Having seen the first two TV sets that FUNimation has released, this movie is largely nonsensical for me. Nonsensical may be too harsh though as the real problem is that the characters aren’t who I’m familiar with and the somewhat central character of Vivi hasn’t been introduced yet. That has this feature looking like something of a glimpse into the future that’s interesting but is otherwise hard to connect with. Most of the time, when Shonen Jump based shows are made into movies, they’re done fairly self contained. Naruto is a good example of this, though they do observe some of what’s going on in-continuity as well. The earlier One Piece movies appear to play the same way, but this one feels like it’s different as it brings about some character resolution for Vivi in the end. The story doesn’t end with nothing changed from when it started, which doesn’t allow it to just mysteriously happen in the midst of some TV episodes.
The Desert Princess and the Pirates has Luffy and the rest of the Straw Hat crew heading to the land of Alabasta, the place where Vivi comes from. What they find there is that the country has basically been subverted. Her father, the king named Cobra, has been manipulated by the supposed hero of the country, a man named Crocodile. Using his nefarious methods and an organization that operates for him, he’s been brewing and stewing things into a full fledged revolution. Pitting the common folk against each other along with putting the king on one side of the picture, he’s intent on taking over entirely and picking up the pieces so he can make it into what he wants.
Luffy and the gang get into things fairly quickly as they meet up with a quirky mimic character that can take on appearances and some portion of abilities it seems. It’s amusing at first since he’s able to change genders easily and does what you’d expect a lot of guys to do in that situation. Strip. Changing into Nami and dropping his clothes is a priceless moment since the rest of the guys all have their jaws drop while Nami herself just get furious at everyone. That just tumbles everything eventually into a trek into the desert to reach the kingdom and then the discovery of what’s going on. It’s interesting in that there’s an approach to the problem from Luffy that’s unusual. While they want to stop the revolution and bloodshed that’s being foisted on everyone, he plainly says that doing so won’t stop the real problem, and that’s Crocodile. It has them re-think their approach a bit before going forward again.
The problem that I kept running into with this feature is that I’m nowhere near where these characters are. With Vivi having been introduced into the series and not showing up at the point I’m at yet, there’s no connection to her or her storyline. The camaraderie that she shares with everyone is enjoyable enough and I know their personalities enough to enjoy the basic aspects of the film, but that actual connection that bonds them together, which is really highlighted throughout the film and at the end, just isn’t there. Without that connection, all I’m left with is to enjoy the action and the visuals as the gang works through saving a kingdom from a revolution by people who’ve eaten the rather common Devil Fruit.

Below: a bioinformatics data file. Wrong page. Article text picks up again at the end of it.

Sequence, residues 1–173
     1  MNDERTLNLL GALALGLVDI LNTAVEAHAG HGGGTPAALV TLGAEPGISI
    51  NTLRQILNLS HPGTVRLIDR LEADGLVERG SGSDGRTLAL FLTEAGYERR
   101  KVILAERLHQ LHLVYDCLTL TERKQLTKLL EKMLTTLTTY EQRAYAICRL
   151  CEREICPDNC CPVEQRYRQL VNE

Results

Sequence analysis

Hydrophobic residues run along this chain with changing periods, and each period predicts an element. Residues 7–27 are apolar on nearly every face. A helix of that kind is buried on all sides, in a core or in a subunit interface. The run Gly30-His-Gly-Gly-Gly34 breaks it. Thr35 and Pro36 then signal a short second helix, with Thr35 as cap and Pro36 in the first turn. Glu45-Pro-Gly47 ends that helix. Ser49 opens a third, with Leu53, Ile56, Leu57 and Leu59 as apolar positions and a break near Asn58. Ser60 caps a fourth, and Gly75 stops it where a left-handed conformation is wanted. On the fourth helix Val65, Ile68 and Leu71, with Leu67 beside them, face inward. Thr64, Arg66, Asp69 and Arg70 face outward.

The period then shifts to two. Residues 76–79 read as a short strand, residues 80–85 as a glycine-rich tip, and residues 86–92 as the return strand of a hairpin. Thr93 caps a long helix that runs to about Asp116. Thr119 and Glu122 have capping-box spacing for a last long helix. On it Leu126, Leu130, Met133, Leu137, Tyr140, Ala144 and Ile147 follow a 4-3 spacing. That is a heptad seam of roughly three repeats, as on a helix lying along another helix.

That action side of the film is fun if somewhat in the vein of what we’ve seen before. There’s a lot of action throughout with all sorts of fights as various adversarial relationships are established early on. Everyone gets a chance to get in on the action and there’s the obvious big moments towards the end. They also play up the epic nature by having some good scenes with lots of armies running around and going after each other, but unfortunately those felt far too digitally done in comparison to other aspects of the film and really took you out of the scene. Some shows have handled it better but this one just felt amateurish and too blatant in how it was done.
The eighth One Piece movie certainly isn’t a bad one, but it’s coming at a time when someone like myself who has only seen the first twenty six odd episodes of the series. The disconnect is too large in some ways because the characters are familiar yet not the same because of all the experiences that they’ve had. As a glimpse into the future, it certainly has me interested in seeing more of what’s to come as Luffy comes across as a bit more serious and mature while the rest are more comfortable in their own skins as well. As a Blu-ray presentation, FUNimation has again done just about everything right here and I continue to be excited to see what they have in store for the future with other releases, One Piece included.
Japanese Dolby TrueHD 5.1 Language, English Dolby TrueHD 5.1 Language, Japanese 2.0 Language, English 2.0 Language, English Subtitles
Sony KDS-R70XBR2 70" LCoS 1080P HDTV, Sony PlayStation3 Blu-ray player via HDMI set to 1080p, Onkyo TX-SR605 Receiver and Panasonic SB-TP20S Multi-Channel Speaker System With 100-Watt Subwoofer.